Design & Dine With FineRoot Cofounder Todd McCrea

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There was no hesitation when we asked him why our planks were the right fit. Or how he crafted vertical gardens in lieu of artwork. Or who might be lured in to taste the juiciest, crispy rotisserie in the Bay (the answer is everyone, including vegans!)…

We’re talking about FineRoot partner and designer Todd McCrea and his latest project, RT Rotisserie. With 25 years of experience designing and building gardens and commercial interiors, Todd has always believed that design is universal.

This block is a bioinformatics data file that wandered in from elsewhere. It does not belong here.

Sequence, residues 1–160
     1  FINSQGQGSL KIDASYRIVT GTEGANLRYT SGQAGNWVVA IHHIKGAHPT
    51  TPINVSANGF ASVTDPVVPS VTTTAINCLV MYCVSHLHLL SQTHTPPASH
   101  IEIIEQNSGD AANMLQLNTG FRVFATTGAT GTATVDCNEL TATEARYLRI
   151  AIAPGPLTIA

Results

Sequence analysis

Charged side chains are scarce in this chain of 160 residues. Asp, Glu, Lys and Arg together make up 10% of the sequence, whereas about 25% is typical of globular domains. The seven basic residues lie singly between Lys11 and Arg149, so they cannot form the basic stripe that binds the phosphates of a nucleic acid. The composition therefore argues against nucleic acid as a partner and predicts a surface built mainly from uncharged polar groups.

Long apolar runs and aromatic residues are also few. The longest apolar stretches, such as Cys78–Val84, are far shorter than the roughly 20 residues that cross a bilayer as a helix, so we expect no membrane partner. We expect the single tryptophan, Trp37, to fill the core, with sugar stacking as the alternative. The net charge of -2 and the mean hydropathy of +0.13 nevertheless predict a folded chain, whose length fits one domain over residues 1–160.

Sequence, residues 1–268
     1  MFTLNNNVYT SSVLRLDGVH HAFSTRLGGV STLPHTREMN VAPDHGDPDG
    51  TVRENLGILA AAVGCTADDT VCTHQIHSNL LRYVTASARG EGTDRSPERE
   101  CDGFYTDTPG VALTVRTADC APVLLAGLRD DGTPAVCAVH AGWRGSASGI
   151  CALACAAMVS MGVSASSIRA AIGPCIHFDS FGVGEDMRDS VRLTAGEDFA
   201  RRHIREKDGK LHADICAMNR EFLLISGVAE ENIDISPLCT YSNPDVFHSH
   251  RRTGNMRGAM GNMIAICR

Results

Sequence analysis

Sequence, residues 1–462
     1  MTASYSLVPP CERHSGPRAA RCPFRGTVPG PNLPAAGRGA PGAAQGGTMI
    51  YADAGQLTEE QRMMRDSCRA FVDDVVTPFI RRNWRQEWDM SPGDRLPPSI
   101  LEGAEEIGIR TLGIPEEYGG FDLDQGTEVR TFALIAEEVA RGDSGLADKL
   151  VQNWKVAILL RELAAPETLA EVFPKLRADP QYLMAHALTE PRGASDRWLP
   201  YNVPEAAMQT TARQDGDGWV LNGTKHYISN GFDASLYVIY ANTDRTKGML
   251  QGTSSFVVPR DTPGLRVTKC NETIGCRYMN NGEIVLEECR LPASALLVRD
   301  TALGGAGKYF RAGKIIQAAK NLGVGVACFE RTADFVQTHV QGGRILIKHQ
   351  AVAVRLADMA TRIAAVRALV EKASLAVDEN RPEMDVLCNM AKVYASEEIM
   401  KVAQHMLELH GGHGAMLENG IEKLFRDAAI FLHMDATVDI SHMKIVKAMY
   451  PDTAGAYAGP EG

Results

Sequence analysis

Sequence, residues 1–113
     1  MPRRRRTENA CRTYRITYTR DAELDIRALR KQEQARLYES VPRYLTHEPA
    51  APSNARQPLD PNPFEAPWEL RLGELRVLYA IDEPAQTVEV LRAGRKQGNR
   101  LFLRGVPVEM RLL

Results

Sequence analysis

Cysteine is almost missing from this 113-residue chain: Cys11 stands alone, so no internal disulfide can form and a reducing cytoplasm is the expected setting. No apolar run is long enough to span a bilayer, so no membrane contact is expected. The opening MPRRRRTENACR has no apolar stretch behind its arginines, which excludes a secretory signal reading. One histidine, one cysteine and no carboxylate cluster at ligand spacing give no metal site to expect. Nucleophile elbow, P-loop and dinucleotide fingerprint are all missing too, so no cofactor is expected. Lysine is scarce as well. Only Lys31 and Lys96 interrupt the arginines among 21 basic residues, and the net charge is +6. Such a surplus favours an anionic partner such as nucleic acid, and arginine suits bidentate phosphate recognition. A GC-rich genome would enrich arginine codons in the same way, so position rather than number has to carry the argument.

“Whether it’s a restaurant or a great pair of jeans, it’s all about finding the right balance.”

And that he did in partnering with contractor-woodworker Josh Neeley and designer-builder Chris Brigham just over a year ago to establish their full-service shop/studio, FineRoot. Located in the Mission District of San Francisco, this trio of talent offers custom woodworking, furniture and design for commercial and residential clients.

Join us as Todd dishes about FineRoot, RT Rotisserie and the secret behind successful restaurant design.


Todd McCrea, FineRoot Cofounder

C: Hi, Todd! Thanks for taking time to chat with us. Within one year, the FineRoot portfolio is filled with beautiful and innovative projects. How did the three of you come together?

TM: Thank you for the invitation! I’m always happy to talk about our work and share the details…